Articles, Classical homeschool, Homeschool
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Literal Math for Little Minds

How do I help my young student understand math? via lagarfias.com

Math and Matchbox Cars

When my oldest son was a toddler, his favorite toys were matchbox cars.  Everywhere he went, be it doctors’ offices, friends’ homes, Sunday School, or to the relatives, he was ever on the lookout for a stash of toy vehicles.  He always played with the cars in the same curious manner.  Sprawled across the floor, he would carefully examine each one before placing them into parallel lines.  After every single toy was in line, he would begin to run them, one by one, around the rug before putting the driven car or truck into a different row.  I watched him play his odd game several times before attempting to join him; he immediately became frustrated with me.

“No, Mommy!” he protested. “It doesn’t go there!” He took the red car, which I had placed beside another red car, and put it next to a blue truck.

“Are you sure?” I asked.  I tried putting cars with like cars, colors with similar colors, and small vehicles with small vehicles, all to no avail.  No sorting rule I tried would work.  My small playmate grew increasingly frustrated with me until he finally asked me to find something else to do.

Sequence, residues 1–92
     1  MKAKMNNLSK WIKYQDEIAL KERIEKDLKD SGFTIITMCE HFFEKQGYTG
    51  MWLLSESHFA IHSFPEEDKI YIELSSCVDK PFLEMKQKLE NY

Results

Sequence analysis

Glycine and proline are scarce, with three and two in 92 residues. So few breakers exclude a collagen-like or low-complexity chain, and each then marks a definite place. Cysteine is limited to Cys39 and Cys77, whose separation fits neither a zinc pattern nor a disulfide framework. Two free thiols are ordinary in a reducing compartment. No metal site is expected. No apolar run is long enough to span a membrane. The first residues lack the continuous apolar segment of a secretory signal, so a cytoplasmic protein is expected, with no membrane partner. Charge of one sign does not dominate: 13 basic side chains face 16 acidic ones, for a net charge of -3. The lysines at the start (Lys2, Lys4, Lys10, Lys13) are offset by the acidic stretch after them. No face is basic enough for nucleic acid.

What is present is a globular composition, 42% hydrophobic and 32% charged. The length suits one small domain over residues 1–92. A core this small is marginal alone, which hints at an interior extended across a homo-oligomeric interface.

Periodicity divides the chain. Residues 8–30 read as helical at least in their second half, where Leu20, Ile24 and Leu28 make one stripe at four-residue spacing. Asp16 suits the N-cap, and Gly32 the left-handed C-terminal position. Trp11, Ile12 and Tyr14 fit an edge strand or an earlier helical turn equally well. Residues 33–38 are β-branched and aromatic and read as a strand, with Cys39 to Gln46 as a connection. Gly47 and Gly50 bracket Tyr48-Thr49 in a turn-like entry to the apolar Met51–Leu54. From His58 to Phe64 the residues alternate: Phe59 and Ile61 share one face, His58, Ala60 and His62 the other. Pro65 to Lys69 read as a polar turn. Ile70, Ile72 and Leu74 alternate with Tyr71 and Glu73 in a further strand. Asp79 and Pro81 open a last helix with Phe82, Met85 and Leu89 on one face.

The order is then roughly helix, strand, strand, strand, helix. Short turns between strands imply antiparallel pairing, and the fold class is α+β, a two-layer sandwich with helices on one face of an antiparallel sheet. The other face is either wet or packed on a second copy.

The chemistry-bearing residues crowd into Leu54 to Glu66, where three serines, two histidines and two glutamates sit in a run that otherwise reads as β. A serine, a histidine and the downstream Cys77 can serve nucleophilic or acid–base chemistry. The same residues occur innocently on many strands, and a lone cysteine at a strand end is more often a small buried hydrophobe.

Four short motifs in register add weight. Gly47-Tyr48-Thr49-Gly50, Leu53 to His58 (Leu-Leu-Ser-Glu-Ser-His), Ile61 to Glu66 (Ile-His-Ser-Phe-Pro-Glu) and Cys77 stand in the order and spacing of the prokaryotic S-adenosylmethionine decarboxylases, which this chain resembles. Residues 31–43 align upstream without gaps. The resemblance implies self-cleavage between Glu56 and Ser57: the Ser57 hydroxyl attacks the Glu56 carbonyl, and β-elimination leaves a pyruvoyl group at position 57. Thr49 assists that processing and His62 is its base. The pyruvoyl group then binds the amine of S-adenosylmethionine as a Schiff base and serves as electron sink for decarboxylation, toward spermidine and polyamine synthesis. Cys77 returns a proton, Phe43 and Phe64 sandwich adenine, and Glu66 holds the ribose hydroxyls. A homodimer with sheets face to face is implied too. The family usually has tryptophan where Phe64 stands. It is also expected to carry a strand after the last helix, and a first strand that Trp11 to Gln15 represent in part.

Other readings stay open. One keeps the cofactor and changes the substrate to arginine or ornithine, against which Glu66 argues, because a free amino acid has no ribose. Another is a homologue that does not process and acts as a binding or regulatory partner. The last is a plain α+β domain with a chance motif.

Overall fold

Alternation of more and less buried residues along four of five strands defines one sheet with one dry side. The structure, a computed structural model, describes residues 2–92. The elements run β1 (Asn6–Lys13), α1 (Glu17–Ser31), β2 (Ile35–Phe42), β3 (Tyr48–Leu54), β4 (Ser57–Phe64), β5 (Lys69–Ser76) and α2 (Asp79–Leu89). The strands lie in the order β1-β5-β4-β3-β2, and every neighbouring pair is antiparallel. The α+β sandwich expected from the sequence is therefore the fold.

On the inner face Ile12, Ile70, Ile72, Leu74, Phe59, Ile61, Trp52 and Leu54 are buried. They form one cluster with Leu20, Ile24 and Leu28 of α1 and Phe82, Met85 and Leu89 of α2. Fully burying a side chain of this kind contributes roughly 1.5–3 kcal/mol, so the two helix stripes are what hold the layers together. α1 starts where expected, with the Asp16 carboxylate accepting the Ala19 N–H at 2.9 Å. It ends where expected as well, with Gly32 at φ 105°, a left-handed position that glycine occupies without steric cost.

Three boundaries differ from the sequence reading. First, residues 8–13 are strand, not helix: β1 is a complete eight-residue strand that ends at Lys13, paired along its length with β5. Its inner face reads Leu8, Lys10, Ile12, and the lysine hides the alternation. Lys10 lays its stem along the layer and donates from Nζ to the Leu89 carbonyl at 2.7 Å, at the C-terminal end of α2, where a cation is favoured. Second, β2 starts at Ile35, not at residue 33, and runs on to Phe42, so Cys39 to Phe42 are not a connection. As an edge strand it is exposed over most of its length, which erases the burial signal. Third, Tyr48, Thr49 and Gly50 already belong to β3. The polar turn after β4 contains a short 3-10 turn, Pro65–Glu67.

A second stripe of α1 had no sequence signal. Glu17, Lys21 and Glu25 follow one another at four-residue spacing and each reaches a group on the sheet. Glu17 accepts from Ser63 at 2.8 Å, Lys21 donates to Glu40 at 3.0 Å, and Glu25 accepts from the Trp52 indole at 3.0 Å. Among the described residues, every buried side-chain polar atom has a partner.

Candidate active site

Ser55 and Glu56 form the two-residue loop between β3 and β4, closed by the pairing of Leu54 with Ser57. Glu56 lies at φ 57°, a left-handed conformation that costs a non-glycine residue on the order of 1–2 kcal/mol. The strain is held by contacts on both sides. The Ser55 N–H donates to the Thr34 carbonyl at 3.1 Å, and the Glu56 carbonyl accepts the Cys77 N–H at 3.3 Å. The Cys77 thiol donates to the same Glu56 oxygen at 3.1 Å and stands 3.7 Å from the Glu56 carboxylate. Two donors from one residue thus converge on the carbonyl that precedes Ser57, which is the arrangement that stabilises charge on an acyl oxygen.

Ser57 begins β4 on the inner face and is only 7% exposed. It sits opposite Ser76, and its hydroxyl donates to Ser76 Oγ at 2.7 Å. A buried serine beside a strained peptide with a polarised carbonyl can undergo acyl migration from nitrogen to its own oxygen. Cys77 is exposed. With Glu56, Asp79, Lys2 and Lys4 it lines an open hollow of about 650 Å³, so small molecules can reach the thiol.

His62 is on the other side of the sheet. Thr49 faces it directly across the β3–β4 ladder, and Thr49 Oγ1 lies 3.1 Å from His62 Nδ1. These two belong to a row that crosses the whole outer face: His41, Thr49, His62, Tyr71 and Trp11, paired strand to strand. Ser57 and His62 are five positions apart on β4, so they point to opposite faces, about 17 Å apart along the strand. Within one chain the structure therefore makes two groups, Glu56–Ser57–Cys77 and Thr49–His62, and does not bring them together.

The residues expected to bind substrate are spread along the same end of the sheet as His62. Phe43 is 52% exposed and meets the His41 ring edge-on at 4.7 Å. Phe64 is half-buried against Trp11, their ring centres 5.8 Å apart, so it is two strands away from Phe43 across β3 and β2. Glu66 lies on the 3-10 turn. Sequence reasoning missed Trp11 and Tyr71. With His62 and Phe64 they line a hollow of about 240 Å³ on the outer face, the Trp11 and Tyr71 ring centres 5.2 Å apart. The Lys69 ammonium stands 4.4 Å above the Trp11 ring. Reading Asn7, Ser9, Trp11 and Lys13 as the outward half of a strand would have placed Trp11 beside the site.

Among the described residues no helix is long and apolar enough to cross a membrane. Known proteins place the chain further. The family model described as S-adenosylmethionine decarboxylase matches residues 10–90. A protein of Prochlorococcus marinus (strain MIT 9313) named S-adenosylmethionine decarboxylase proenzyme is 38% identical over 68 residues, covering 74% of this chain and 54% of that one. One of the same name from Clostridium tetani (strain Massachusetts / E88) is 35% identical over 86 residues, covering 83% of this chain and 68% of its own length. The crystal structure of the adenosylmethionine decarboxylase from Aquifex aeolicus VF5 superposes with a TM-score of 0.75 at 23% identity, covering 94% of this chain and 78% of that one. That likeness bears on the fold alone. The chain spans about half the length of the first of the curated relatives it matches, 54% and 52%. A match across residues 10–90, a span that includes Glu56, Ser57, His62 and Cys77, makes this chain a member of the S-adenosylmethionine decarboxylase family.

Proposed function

I never forgot his car game, and years later I asked my son if he also remembered it.  His face immediately brightened at the memory, and he remarked at my failure to follow the rules.

“How were you sorting your cars?” I asked in desperation, leaning forward to hear the secret of his mind’s intricate working.

“By which car I wanted to buy next!” he declared. “I was playing a game like ‘Used Car Salesman,’ but I didn’t know how to explain that to you.” I heaved a sigh at the simplicity of his system.

Everyday life offers myriads of opportunities for young children to learn and explore mathematical principles in real-life situations. As we said in the last issue of Home School Enrichment, “The key for the home educator is to lay aside the workbooks and teach young ones the reality of math principles in their own environment.” How can a parent do this on a regular basis? [That earlier HSE article on teaching math was posted Monday.]

What is Literal Math?

First of all, we must understand what teaching math literally means to the young child.  Children seven years old and younger think in concrete, not abstract, terms.  A literal math education is the direct teaching of God’s order and patterns during the child’s daily life and the child’s application of those principles to his understanding of his domain.